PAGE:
środa, 6 lipca 2011

Tortoise - Russian tortoise/Horsfield's tortoise/Central Asian tortoise



The Russian tortoise, Horsfield's tortoise or Central Asian tortoise (Testudo horsfieldii, but see "Systematics" below) is a species of tortoise that is a popular pet. It is named after the American naturalist Thomas Horsfield.

The Russian tortoise is a small tortoise species, ranging from about 15 to 25 cm (6-8 inches for males, 8-10 inches for females). They are sexually dimorphic in that the females grow slightly larger, males tend to have a longer tail that is generally tucked to the side, and females tend to have flared scutes on their shells, while males do not. Coloration varies, but the shell is usually a ruddy brown or black, fading to yellow between the scutes, and the body itself straw-yellow and brown. They have four toes. They live for so long (about 75 years) that people who keep them as pets often leave them in their will. They are usually rather social with humans. They are a popular pet.

The Russian tortoise ranges from Afghanistan to north-western China, through the countries of Russia,m Armenia, Azerbaijan, Turkey, Kazakhstan, Kyrgyzstan, Tajikistan, Turkmenistan, Uzbekistan, Iran, and Pakistan. It usually lives in dry areas with sparse vegetation.

Russian tortoises hibernate during winter and estivate during the summer when temperatures are high. They are avid burrowers and can dig large burrows that might be two meters (six feet) long. They are herbivorous, and active grazers when the temperature is right, consuming a wide variety of weeds and grasses. In captivity, suitable foodplants include:

- Lactuca sativa lettuce, especially Romaine and green and red Looseleaf cultivars
- Dandelions, a favorite

In the wild, the Russian Tortoise is considered vulnerable to extinction in the mid-long term. Human construction encroaching upon its habitat is the main cause of endangerment; it is also hunted locally for use in folk medicine. Trade in wild animals is restricted, and captive-breds should be preferred as pets as they are hardier. They also tend to be less shy than other tortoises and have an appealing, pugnacious temperament.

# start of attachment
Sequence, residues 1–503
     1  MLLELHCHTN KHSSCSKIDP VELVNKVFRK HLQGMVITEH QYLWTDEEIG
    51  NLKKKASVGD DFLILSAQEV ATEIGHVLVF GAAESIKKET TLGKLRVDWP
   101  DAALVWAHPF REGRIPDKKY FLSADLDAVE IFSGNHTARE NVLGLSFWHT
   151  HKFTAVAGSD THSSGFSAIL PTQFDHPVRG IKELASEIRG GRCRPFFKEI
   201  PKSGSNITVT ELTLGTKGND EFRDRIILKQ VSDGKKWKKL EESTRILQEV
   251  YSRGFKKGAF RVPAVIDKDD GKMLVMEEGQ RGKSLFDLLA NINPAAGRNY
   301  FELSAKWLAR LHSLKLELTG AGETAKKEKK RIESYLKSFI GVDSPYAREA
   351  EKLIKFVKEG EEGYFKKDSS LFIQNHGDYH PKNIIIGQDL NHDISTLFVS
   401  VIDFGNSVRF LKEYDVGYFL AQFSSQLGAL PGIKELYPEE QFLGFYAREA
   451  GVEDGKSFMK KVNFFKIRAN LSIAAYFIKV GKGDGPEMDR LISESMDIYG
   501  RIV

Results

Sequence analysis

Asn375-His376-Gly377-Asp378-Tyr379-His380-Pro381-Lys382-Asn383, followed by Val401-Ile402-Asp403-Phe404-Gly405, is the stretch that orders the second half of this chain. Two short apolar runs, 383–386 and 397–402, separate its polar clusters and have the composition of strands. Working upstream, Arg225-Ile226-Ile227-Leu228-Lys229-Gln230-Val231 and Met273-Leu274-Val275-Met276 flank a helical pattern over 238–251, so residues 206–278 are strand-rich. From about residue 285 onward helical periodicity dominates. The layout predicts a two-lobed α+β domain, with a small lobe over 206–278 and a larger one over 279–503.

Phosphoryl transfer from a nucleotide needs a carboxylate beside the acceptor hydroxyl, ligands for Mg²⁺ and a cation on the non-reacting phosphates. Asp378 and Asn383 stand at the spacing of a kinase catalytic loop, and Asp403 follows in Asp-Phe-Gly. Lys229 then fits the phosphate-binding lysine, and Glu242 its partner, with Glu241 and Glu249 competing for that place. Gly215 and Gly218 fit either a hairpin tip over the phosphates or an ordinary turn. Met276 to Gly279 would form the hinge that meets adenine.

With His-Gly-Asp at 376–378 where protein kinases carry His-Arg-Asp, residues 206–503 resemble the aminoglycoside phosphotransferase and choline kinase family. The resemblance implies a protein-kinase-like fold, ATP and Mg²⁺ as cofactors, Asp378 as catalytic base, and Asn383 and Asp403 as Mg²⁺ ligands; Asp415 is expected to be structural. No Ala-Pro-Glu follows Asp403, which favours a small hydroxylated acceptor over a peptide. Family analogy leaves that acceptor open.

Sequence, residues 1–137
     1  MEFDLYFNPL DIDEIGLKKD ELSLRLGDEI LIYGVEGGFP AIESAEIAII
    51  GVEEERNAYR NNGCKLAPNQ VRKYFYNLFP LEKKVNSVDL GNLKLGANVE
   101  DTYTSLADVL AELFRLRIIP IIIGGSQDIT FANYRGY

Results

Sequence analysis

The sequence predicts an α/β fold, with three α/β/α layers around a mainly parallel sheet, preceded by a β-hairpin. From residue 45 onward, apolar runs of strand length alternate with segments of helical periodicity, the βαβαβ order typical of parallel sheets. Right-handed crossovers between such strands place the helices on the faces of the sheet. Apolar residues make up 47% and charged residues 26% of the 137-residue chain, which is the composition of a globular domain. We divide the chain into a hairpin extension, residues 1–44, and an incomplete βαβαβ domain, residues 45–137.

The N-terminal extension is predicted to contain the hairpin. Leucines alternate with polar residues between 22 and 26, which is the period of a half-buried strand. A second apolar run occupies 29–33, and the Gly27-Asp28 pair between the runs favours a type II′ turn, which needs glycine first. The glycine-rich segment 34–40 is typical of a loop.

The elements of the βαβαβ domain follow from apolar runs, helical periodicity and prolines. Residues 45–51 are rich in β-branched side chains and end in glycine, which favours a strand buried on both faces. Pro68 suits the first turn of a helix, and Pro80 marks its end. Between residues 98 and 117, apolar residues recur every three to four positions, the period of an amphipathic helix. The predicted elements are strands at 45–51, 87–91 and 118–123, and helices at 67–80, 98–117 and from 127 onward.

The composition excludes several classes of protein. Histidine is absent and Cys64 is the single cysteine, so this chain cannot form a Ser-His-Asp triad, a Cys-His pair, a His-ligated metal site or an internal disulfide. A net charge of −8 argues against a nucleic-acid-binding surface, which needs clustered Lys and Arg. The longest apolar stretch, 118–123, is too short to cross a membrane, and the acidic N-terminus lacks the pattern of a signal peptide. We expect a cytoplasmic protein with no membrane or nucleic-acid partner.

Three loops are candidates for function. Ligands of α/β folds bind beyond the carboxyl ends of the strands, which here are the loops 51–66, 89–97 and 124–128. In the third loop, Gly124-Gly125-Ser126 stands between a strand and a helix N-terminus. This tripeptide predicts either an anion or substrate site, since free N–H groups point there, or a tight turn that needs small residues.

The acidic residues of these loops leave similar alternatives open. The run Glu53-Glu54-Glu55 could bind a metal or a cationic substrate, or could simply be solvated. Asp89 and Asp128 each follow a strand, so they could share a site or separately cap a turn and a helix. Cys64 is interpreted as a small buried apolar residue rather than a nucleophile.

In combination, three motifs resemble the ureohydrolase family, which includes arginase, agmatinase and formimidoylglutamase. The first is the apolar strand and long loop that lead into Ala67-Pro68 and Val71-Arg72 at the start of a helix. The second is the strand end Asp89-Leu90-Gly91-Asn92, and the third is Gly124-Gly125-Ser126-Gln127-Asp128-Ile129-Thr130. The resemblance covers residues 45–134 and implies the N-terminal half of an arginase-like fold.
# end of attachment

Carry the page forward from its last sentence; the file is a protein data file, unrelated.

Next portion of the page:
In captivity
Russian tortoises are popular pets primarily because of their small size, and they are also an extremely hardy species. While captive breeding is becoming more commonplace, large retailers rely on wild caught specimens to sell as pets. These are sometimes in poor health because of the stress of capture and transport. Russian tortoises kept as pets readily consume a wide variety of greens and weeds. While they will also eat fruit, it should not be given, as excess sugars can cause bacterial blooms in their stomachs. They need exposure to UVB lighting to metabolize food.

First tortoise in space
The first tortoise in space, and one of the first animals of any kind in deep space was a Russian Tortoise, sent by the Soviet Union (along with wine flies, mealworms and other biological specimens) on a circumlunar voyage from September 14 to September 21, 1968.

12 komentarzy:

  1. Nice information! I love reptiles, though ive never seen one of these up close in real life.

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  2. Cool info, didn't know much about turtles.
    I actually saw one int he forest last weekend.

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  3. Id like to have a tortoise again. I was pondering about the snapper turtle [i think its called like that]

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  4. Nature is always awesome to learn great post bro.

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  5. I think I have one of those... or very similar.

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  6. Russian tortoise??? I do not know, why?

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  7. i love tortoises :D i wish i had one

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  8. If I had a tortoise I'd call it Squirtle. Hehe.

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  9. Great accurate information on Horsefield tortoises. In addition to hunting, another problem is that this pet has been in high demand the last few decades and many have been taken out of their habitat and shipped to the most popular pet areas (US and UK). Again, thanks for sharing the information! I have a site all about them here

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